When I wrote "Scriptural exegesis can really only be performed by individuals in a ministerial role -- anyone else lacks the context to really understand how the scriptures should apply to our lives." in Reading Scripture with the Church Fathers, I had misremembered Hall's comments and inadvertently combined two points. He didn't claim that the fathers believed that you must be a practicing minister to be a successful exegete, but that you needed to be a practicing Christian and that their ministerial role added a dimension of practicality to their understanding of the scriptures. Neither of these ideas is new. In them, I hear echoes from conference talks and lesson manuals.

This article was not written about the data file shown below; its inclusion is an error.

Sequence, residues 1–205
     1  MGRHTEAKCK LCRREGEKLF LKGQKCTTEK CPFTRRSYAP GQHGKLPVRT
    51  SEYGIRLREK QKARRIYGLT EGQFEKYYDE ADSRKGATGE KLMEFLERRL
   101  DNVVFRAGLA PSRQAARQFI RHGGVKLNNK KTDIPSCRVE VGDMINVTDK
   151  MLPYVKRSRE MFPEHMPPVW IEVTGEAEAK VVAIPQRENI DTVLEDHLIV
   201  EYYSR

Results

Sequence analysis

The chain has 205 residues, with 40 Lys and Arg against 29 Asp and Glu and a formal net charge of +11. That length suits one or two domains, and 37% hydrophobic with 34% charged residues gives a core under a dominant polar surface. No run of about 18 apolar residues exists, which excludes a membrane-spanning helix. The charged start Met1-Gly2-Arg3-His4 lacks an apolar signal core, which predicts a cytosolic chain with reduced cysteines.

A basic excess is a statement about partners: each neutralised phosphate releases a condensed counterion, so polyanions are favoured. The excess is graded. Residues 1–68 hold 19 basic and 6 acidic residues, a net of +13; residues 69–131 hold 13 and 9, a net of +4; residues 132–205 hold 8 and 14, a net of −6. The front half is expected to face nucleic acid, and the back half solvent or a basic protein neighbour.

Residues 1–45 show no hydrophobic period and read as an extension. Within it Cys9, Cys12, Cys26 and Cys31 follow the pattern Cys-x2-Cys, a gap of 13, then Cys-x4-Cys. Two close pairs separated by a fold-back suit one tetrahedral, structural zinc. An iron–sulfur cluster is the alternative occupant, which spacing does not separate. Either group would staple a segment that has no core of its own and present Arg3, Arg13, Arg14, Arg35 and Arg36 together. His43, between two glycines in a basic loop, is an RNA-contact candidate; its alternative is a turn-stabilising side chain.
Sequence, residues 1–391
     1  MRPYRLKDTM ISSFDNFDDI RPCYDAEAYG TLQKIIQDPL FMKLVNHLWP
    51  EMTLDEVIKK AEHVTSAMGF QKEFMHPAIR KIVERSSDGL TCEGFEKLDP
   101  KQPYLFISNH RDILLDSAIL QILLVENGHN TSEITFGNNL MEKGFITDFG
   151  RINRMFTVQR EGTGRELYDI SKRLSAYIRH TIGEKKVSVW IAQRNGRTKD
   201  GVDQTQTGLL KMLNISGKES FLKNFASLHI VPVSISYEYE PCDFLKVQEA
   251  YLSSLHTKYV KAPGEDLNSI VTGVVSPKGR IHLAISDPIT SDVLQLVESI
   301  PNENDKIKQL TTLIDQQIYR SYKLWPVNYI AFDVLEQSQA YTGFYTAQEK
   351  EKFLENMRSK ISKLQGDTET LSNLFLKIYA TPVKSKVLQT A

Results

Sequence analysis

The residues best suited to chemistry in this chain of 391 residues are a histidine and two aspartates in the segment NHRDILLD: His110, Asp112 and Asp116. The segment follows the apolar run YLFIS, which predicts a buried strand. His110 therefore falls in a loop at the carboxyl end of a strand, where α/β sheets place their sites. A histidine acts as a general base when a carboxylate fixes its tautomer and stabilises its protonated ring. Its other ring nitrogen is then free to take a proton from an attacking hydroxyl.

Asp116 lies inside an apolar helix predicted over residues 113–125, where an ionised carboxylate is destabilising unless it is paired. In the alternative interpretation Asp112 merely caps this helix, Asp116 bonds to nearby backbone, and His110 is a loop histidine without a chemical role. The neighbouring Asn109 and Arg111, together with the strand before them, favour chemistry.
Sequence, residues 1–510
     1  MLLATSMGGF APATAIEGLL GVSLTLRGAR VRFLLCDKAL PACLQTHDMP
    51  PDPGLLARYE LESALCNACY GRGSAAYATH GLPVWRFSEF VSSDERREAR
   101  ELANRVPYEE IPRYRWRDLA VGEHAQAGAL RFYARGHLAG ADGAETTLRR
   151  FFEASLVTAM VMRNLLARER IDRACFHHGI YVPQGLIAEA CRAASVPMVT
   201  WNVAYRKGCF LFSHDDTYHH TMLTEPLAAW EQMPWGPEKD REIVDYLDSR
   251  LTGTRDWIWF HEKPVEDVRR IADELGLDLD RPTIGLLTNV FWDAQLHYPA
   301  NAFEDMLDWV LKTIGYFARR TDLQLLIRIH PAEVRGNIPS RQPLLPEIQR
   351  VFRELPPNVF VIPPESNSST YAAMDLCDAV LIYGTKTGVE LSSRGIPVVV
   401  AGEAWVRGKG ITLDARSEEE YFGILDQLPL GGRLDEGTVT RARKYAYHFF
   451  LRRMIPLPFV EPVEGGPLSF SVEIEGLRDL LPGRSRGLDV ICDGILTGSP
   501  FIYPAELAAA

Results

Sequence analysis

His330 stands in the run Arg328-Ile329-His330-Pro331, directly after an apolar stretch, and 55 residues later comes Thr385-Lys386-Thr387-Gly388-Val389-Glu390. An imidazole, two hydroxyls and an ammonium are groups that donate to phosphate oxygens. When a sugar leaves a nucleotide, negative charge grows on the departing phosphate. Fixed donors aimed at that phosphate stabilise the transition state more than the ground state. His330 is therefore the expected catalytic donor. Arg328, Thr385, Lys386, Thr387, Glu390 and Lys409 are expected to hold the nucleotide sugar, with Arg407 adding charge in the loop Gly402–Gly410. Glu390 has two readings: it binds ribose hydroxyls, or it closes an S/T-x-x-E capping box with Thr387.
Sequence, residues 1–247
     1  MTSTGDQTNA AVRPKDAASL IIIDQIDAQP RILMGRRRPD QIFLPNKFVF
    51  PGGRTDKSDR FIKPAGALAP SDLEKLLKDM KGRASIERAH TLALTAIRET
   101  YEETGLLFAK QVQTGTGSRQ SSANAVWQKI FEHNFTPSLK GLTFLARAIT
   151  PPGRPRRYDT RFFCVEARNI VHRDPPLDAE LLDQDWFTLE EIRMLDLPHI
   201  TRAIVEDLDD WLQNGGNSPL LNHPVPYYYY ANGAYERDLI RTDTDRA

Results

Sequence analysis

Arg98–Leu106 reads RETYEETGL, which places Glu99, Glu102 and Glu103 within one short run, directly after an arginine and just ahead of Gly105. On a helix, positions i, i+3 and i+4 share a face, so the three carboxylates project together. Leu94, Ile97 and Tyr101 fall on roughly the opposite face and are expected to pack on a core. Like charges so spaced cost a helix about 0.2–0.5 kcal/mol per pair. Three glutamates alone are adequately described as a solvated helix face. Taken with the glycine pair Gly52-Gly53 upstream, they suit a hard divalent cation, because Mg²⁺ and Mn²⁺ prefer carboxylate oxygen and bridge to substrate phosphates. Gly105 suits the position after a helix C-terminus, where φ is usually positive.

Developing a love of the scriptures should be more than an act of Christian duty, is should be a Christian activity (as opposed to an academic exercise). The scriptures were written under the influenceof the Holy Ghost and are more effectively read under the same influence. Prayer, pondering, keeping the commandments, and living up to the covenants we've entered into keep us attuned to the voice of the Spirit and will help open our minds to the scriptures.
Serving in a ministerial capacity helps focus our attention in scripture study on those practical matters pertaining to our stewardship. Our service provides a laboratory for working out the real world application of the lessons we learn. The insights that we gain as we pray, ponder, and study the scriptures, while seeking the Lord's help in our callings, will cast new light on the scriptures. (I see this as one of the blessings of magnifying a calling.)